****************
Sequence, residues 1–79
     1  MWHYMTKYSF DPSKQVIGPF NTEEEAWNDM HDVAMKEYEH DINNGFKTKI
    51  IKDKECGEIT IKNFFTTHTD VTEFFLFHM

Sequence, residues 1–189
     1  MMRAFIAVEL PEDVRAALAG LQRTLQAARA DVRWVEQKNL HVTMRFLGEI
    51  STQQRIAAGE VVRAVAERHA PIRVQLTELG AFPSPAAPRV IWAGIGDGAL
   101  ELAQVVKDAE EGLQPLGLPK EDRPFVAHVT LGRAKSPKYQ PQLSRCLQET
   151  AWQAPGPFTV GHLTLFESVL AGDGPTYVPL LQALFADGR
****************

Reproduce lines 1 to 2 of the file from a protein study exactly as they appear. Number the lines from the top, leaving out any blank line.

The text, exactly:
Sequence, residues 1–79
     1  MWHYMTKYSF DPSKQVIGPF NTEEEAWNDM HDVAMKEYEH DINNGFKTKI